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Blockchain In Space? Bitcoin Legends Are Working On It

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Blockchain In Space? Bitcoin Legends Are Working On It

Aim for the stars, as they say.

Blockchain developers view the satellite industry as ripe for a decentralized platform, and the impact of disruption could be huge. The worldwide satellite business market is estimated at $10.2 billion in 2017, according to Global Satellite Business Market report.

Cost remains a barrier to growth and innovation in space, and some doubt whether centralized planning is the best approach for exploring the final frontier. Currently, large players build advanced satellite systems but critics say that central planning and lack of access to space infrastructure have led to dysfunction, high costs and project delays. Consider NASA's annual $20 billion budget that comes with a glaring lack of recent missions or advancements in space.

So what are potential gamechangers up in the sky? Try blockchain-based, open-source satellite systems.

Blockchain Veterans Enter The Race For Space

Former bitcoin core developer Jeff Garzik was instrumental in developing the world's most popular cryptocurrency, bitcoin. Mr. Garzik is a renowned futurist and CEO of Bloq, a blockchain technology firm. Now he's helped the SpaceChain Foundation get off the ground as co-founder and CTO. The Foundation has launched a cost-effective low Earth orbit (LEO) satellite into space. The LEO satellite is equipped with a node that runs on the SpaceChain operating system. "We envision inter-satellite links which involve satellite-to-satellite communications," says Mr.Garzik through a spokesman. In order to have a decentralized mesh network, you first need satellite-to-satellite communications."

There are other high-profile believers in the blockchain-in-space project: Early crypto and blockchain investors Tim Draper and Matthew Roszak. Mr. Draper has previously backed unicorns such as Hotmail, Skype, Tesla and, in 2014, bitcoin. "I am excited by the vision and mission to create an open-source technology that will develop accessible, blockchain, decentralized technologies," Mr. Draper told Benzinga via email. Mr. Draper's space-based investments include SpaceX, Planet, Iceye, Kubos, Bagaveev, and now SpaceChain.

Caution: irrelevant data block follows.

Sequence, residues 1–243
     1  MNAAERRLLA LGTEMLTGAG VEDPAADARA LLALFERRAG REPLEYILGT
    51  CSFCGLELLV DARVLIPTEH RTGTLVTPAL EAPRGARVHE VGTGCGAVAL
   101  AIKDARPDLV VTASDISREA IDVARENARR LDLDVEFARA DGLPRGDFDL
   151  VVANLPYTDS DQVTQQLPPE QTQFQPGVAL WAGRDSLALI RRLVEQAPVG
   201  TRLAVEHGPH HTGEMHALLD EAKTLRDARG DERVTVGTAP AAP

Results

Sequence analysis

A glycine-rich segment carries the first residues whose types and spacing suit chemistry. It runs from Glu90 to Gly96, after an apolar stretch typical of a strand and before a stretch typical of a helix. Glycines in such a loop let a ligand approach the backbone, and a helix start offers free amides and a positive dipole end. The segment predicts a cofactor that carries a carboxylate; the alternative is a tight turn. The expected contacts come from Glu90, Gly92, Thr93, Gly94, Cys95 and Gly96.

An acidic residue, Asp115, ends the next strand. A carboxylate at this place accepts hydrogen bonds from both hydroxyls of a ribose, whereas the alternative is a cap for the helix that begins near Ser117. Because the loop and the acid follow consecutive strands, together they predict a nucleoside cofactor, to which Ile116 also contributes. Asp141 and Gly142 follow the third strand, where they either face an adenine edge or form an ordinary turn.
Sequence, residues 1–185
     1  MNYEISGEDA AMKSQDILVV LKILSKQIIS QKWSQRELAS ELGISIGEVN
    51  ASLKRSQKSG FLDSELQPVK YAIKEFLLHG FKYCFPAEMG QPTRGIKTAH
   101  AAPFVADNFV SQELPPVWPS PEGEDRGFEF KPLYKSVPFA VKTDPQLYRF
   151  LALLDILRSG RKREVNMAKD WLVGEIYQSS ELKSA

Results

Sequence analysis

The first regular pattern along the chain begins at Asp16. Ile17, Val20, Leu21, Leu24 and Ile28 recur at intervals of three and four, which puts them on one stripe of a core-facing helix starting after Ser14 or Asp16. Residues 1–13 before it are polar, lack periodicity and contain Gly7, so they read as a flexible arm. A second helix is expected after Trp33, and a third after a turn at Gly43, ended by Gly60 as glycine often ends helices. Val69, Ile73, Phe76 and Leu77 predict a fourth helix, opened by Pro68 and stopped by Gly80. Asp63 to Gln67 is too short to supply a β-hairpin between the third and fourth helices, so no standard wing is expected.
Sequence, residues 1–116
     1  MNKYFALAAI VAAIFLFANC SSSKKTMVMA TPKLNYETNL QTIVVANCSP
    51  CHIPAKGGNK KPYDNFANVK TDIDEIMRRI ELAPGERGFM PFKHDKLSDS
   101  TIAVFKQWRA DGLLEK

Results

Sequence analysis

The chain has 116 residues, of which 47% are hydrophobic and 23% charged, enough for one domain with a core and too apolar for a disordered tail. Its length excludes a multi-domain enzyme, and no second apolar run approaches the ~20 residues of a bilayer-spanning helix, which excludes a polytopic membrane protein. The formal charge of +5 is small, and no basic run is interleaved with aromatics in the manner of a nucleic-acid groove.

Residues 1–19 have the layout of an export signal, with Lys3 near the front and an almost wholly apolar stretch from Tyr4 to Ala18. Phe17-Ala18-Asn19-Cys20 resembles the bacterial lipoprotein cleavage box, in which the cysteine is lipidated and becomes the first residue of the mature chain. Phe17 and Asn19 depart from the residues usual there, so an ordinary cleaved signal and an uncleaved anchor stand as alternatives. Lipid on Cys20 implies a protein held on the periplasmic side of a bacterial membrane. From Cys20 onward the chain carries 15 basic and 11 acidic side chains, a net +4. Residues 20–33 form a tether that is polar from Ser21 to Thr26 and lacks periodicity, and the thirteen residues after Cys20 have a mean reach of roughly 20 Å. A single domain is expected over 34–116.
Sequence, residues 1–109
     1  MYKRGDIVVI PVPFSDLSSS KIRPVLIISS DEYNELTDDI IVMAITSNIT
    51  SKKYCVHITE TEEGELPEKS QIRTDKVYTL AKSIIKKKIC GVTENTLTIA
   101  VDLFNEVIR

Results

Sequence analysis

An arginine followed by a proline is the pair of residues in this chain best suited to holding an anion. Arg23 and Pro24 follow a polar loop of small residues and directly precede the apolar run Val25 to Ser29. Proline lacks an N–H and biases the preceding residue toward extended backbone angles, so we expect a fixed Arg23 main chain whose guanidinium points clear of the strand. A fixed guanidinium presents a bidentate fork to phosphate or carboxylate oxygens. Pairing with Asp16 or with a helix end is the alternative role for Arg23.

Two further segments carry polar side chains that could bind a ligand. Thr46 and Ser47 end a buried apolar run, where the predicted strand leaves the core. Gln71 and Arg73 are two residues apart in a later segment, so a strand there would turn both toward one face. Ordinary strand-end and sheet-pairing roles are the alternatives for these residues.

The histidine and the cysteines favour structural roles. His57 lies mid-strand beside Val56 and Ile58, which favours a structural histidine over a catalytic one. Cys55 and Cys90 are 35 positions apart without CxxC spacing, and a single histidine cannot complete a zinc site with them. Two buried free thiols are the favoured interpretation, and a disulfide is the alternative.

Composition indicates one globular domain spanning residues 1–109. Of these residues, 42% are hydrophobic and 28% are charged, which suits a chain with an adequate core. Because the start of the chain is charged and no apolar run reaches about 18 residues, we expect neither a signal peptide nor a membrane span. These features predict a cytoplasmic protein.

Mr. Roszak is an investor in blockchain projects such as Civic, Factom and QTUM.

Cost-Effective Satellite Systems

How does it work exactly?

A satellite network acts as a blockchain-based platform that provides data collection, storage and application platform.

The Singapore-based Foundation leverages a network of low Earth orbit (LEO) satellites for achieving broad-based connectivity so that anyone and anything can have access to the innovative platform. So what's the difference between GEO and LEO? A GEO satellite orbits the earth over the equator, hovering approximately 22,000 miles up in space. These types of satellites take one complete orbit around the globe in 24 hours, moving in the same direction as the earth’s rotation. LEO satellites orbit much closer to earth, typically at an altitude range of only 1,200 miles. They're also cost-effective.

In April, SpaceChain announced a partnership with U.S.-based non-profit corporation Arch Mission Foundation to load Arch Mission's data onto SpaceChain's satellites to collect, distribute and protect human knowledge and data across the solar system.

Apparently, blockchain's applications aren't limited to Earth. They can go anywhere innovation goes.

The preceding article is from one of our external contributors. It does not represent the opinion of Benzinga and has not been edited.

Posted-In: Blockchain contributorCryptocurrency Entrepreneurship Startups Markets Tech General Best of Benzinga

 

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